The House passed HB 21, the school finance reform bill by Chairman Dan Huberty, on an initial 134-16 vote Wednesday evening. Huberty, referring to last year's ruling by the Texas Supreme Court that the current method of distributing school finance funding was flawed, but constitutional, called the system "lawful, but awful."
The bill distributes around $1.6 billion in new education funding that has been approved by the House. If some version of the bill is not passed, the additional funding will not be spent on public schools; Senate approval of both the additional money and the reform bill is necessary. HB 21 increases funding for bilingual and dyslexic students, and adds to the basic allotment sent to all districts. Projections from the Legislative Budget Board show 96 percent of districts receiving more money if HB 21 passes (although floor amendments added during the debate could change that estimate).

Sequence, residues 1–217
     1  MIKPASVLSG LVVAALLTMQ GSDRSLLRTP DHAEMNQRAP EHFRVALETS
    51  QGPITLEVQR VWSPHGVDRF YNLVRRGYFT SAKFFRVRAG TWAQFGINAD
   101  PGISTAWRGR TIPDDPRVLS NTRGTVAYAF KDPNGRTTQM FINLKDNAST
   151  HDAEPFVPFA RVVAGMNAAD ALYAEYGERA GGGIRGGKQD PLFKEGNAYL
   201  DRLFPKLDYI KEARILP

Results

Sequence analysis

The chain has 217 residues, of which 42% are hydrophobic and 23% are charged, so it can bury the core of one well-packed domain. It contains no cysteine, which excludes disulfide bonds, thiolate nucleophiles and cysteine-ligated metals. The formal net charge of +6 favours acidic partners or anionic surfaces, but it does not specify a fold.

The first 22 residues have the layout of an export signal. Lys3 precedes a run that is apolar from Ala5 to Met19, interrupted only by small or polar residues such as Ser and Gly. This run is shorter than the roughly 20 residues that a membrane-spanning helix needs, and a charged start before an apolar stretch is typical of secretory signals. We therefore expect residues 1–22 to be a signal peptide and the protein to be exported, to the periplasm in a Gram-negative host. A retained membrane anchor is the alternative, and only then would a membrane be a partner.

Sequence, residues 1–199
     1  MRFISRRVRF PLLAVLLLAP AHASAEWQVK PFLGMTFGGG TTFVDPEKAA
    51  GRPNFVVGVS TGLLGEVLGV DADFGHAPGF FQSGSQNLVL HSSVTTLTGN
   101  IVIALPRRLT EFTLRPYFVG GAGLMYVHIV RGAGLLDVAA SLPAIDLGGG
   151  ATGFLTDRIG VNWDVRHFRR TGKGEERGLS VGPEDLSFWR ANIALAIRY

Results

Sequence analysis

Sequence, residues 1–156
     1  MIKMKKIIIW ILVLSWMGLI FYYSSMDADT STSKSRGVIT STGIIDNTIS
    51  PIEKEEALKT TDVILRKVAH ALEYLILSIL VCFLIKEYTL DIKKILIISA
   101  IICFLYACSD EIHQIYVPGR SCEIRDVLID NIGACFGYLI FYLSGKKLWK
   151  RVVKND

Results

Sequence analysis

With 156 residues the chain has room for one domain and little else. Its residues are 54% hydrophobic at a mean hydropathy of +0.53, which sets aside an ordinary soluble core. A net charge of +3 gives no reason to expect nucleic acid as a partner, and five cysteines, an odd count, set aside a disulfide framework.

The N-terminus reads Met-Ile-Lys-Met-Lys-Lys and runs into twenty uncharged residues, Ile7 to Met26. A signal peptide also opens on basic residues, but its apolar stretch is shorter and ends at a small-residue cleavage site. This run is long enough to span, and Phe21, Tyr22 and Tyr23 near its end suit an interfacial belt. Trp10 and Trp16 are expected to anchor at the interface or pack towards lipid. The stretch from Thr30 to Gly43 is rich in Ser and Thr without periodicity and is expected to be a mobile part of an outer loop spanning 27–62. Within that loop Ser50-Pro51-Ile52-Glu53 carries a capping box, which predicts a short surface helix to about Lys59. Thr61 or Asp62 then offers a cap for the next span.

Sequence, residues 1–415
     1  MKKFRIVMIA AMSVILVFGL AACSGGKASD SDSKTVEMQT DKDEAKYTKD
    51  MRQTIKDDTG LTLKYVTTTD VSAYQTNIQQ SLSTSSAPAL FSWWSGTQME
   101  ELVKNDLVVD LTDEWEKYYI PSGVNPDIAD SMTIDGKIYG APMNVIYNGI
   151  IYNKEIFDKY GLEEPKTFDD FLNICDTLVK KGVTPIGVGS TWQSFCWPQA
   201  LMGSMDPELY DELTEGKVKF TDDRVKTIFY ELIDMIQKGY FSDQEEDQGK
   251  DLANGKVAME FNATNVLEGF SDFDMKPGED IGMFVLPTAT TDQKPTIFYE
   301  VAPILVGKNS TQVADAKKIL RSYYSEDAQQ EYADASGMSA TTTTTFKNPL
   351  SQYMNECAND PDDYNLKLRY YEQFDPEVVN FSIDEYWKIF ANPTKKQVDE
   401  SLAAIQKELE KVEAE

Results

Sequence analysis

One amendment by Rep. Drew Darby that passed was of particular interest to small and rural districts. It removes a current penalty for districts smaller than 300 square miles that was intended to encourage small districts to consolidate, and will help hundreds of small districts with fewer than 1,600 students.
The Senate may soon consider its own school finance reform, and the House and Senate will soon begin budget negotiations that will determine how much - if any - additional funding districts can expect to receive.
UPDATE: The bill received final House approval Thursday on a 132-15 vote, and will now be sent over to the Senate.